ABOVE: Robbins & Meyers Belgium
Robbins & Myers Belgium, a Belgian subsidiary of Robbins & Myers, Inc., which was recently acquired by National Oilwell Varco, pleaded guilty last week to charges that it violated U.S. sanctions on Syria when it exported stators that it manufactured in Belgium to Syria. According to the Bureau of Industry and Security (“BIS”) press release, the Belgian company was charged with violating U.S. criminal law because of the following:
The guilty plea stemmed from actions by Robbins & Myers Belgium that, in 2006, caused four illegal exports, reexports and/or transshipments of stators—important components of oil extraction equipment—that had made [sic] from steel that had been milled in the United States to a customer operating oil fields in Syria.
Say what? Is it really criminal for a foreign company to export an item just because it has some U.S. content in it? What happened to the de minimis rule? How hard would it be to say that the item consisted of more than 10 percent U.S.-origin steel to avoid suggesting that the export was illegal if there was any U.S. content? Even though BIS used up three paragraphs in the press release patting itself on the back, it could not manage to add a sentence somewhere, anywhere, to correct this misstatement of the law?
The factual proffer that served as a basis for the guilty plea, which is supposed to contain facts sufficient to support the plea, is no better on this issue.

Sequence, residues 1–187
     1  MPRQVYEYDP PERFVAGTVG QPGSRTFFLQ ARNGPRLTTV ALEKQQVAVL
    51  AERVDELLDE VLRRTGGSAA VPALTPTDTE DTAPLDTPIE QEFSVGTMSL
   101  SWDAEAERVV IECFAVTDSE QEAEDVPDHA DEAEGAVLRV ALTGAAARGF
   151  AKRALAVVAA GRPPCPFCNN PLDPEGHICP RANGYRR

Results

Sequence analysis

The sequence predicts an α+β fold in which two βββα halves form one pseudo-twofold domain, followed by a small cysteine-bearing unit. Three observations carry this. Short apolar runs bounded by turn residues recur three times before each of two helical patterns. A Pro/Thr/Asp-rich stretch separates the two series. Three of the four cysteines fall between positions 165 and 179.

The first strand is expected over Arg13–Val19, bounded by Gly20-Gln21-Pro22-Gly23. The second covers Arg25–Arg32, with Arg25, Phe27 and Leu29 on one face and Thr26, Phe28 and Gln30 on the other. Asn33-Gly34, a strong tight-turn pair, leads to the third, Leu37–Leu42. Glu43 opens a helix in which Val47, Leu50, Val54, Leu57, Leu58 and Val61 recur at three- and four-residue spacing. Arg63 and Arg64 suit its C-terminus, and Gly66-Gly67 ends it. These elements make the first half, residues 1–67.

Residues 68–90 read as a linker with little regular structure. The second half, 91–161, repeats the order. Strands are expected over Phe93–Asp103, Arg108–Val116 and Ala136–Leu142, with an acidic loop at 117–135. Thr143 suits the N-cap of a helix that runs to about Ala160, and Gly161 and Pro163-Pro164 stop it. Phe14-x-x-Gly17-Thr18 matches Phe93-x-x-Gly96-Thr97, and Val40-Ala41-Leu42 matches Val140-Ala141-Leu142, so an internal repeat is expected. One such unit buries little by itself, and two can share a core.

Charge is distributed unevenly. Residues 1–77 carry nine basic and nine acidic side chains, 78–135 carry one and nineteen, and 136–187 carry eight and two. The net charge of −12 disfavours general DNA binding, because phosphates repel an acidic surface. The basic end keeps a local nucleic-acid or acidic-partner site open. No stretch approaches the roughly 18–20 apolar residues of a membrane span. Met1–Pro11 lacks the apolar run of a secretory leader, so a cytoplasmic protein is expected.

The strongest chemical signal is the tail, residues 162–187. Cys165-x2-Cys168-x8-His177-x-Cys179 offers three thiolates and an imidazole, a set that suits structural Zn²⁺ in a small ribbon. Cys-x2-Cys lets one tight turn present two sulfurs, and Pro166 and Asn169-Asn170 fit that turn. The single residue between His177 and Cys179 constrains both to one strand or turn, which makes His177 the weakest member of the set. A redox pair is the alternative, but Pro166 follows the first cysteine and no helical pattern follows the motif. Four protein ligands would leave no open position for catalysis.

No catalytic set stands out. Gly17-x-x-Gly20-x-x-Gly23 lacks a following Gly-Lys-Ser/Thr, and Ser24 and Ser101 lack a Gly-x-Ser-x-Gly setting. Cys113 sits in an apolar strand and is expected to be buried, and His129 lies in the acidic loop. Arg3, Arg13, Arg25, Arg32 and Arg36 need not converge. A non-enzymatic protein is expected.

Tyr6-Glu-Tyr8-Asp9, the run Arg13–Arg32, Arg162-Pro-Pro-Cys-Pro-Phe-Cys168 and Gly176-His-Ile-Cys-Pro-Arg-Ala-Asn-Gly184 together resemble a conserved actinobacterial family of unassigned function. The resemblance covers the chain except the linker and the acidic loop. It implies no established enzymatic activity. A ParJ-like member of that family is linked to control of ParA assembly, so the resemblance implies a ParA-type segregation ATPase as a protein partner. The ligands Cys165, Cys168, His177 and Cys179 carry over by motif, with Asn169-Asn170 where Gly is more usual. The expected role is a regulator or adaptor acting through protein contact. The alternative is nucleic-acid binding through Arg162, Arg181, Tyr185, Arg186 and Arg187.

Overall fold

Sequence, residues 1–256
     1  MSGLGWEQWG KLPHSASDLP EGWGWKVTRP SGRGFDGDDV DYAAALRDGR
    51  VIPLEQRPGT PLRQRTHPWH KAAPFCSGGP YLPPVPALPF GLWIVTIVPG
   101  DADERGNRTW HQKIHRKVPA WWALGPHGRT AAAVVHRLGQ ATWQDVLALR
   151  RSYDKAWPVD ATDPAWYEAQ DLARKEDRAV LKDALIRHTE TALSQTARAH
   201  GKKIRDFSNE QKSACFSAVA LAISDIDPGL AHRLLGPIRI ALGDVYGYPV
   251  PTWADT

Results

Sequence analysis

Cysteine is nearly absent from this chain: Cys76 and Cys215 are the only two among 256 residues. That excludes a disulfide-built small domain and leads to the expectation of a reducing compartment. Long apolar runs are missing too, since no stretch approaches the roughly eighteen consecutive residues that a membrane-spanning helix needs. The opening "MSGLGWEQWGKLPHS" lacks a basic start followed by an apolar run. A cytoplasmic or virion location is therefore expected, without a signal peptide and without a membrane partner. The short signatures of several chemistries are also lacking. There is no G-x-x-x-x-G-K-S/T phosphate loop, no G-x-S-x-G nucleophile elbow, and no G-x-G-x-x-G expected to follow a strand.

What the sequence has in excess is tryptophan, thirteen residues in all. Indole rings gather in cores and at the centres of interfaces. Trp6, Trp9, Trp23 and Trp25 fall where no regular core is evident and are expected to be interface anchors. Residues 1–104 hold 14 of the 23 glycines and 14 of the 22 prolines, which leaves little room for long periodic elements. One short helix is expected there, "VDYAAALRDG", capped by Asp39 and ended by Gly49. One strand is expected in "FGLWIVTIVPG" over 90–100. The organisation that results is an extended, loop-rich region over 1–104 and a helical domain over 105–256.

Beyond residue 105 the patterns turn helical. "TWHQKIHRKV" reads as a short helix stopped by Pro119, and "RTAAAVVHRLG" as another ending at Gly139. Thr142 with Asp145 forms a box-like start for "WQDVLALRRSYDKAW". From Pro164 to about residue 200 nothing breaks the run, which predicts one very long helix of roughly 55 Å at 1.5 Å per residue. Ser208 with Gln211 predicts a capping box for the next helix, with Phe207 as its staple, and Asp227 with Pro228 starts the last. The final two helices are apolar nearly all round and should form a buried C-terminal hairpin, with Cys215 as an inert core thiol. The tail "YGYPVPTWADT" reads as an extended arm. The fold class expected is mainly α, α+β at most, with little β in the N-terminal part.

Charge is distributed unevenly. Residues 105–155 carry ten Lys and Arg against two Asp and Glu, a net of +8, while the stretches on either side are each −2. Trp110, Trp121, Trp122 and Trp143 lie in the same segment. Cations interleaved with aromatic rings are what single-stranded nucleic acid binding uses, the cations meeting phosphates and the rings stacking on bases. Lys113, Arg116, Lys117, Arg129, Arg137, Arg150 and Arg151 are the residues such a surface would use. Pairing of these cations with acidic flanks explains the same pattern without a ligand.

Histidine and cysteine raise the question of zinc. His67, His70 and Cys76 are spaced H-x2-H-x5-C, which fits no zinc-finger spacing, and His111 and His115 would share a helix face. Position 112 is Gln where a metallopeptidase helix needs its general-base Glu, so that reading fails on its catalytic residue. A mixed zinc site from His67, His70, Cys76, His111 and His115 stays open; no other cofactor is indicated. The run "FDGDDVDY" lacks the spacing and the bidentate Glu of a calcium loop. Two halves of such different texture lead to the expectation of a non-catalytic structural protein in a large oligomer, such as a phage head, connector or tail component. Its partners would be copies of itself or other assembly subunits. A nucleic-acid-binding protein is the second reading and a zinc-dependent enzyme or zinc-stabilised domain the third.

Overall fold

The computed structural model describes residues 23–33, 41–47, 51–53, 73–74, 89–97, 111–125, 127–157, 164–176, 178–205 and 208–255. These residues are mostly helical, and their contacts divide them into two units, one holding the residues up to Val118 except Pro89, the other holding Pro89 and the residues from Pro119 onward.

At all times pertinent to this case, the stators shipped by RMB to Company A in Syria were made from steel tube that Company B had milled in the United States.
Nope, being “made from steel tube … milled in the United States” is not enough to support the plea. Section 746.9(a) of the BIS rules forbids exports to Syria of items “subject to the EAR.” And section 734.3(c)(1), otherwise known as the de minimis rule, states that foreign-made items destined for Syria are not “subject to the EAR” if they contain “controlled U.S.-origin commodities … valued at 10% or less of the total value of the foreign-made commodity.” Although the rule is not clear, BIS takes the position that “controlled” here means “controlled for Syria” under section 746.9 and therefore includes any EAR99 item other than food or medicine. Under that reading the EAR99 steel tubes would be controlled U.S.-origin commodities for purposes of the de minimis rule. We just don’t know if the tubes were more than 10 percent of the value of the foreign-made stators. And we don’t know this because the supposedly completely proffer leaves out this crucial element of the crime.
I do not doubt that in fact the U.S.-origin content here was in excess of de minimis as required by the rule for foreign-made products. My point is, however, that the BIS press release and the proffer incorrectly and misleadingly state that a criminal violation occurred because the stators contained any amount of U.S. origin goods. That is simply not a correct statement of the law, and those charged with enforcing the law should also correctly state it.